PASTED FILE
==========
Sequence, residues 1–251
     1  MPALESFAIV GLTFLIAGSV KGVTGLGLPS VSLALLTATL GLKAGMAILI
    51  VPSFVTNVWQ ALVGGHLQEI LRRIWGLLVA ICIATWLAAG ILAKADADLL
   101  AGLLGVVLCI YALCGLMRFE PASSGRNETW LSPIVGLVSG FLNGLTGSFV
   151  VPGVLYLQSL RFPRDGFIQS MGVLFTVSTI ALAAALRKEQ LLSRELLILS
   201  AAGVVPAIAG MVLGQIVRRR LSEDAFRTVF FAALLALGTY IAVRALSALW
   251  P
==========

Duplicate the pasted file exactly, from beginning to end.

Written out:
Sequence, residues 1–251
     1  MPALESFAIV GLTFLIAGSV KGVTGLGLPS VSLALLTATL GLKAGMAILI
    51  VPSFVTNVWQ ALVGGHLQEI LRRIWGLLVA ICIATWLAAG ILAKADADLL
   101  AGLLGVVLCI YALCGLMRFE PASSGRNETW LSPIVGLVSG FLNGLTGSFV
   151  VPGVLYLQSL RFPRDGFIQS MGVLFTVSTI ALAAALRKEQ LLSRELLILS
   201  AAGVVPAIAG MVLGQIVRRR LSEDAFRTVF FAALLALGTY IAVRALSALW
   251  P